“Initially, the Troika (the IMF, the European Central Bank and the EU Commission)—assisted by President Emanuel Macron of France and German Chancellor Angela Merkel—advised Italy’s President Sergio Mattarella not to approve the new coalition government, and to give the mandate instead to yet another unelected technocrat, IMF alumnus Carlo Cotarelli. This was de facto continuation of the coup which was carried out by international bankers and Eurocrats in November 2011 to remove Silvio Berlusconi from office. Mattarella claimed that the coalition’s designated finance minister Paolo Savona was an opponent of the monetary union and that he as head of state was duty-bound to prevent the formation of a government which would even consider Italy’s exit from Eurozone. This was absurd, but Italy’s corporate media readily supported this unconstitutional move by the President, and assailed the putative coalition’s growth-oriented economic program.”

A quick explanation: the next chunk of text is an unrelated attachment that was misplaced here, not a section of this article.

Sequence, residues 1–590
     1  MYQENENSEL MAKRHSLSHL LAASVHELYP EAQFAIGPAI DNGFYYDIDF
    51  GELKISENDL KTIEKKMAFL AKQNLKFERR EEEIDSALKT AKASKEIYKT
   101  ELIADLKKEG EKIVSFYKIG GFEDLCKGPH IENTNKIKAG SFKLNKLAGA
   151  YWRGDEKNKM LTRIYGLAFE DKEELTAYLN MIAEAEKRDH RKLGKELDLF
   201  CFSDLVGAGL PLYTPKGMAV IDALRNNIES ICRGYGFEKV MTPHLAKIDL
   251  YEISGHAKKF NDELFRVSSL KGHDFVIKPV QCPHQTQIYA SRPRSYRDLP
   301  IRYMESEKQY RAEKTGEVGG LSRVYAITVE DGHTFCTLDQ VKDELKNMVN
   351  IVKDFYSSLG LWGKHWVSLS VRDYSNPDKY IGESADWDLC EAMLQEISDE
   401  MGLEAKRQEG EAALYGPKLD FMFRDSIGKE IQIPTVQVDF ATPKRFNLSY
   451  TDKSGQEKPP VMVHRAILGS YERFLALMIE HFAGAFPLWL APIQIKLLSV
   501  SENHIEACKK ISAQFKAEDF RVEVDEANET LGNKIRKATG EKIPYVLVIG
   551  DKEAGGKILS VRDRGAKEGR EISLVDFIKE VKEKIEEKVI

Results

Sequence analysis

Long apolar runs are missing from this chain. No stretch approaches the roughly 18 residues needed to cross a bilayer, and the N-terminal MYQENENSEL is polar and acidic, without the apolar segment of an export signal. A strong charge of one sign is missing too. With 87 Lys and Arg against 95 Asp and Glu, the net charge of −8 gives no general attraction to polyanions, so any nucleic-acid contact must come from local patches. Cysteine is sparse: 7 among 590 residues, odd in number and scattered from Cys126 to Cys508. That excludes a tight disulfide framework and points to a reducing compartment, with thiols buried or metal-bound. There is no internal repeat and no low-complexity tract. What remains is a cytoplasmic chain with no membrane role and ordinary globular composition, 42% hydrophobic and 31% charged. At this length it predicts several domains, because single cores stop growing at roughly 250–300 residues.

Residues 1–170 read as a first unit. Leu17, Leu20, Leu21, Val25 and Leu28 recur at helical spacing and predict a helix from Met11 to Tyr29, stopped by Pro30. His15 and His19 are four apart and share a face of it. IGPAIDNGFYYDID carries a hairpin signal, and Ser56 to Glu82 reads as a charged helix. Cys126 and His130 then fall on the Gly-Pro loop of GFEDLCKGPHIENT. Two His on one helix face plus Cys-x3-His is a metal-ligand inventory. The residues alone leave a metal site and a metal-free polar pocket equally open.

Matteo Salvini is the ruling establishment’s particular object of hate, primarily because he dared announce that half a million migrants would be expelled and declared that his immigration policy would be guided by the principle “Italians first!” When he says, “God created man and woman, every child should have a father and a mother, and only father and mother can conceive a child,” liberal fanatics in Italian TV studios and in editorial offices suffer nervous breakdowns.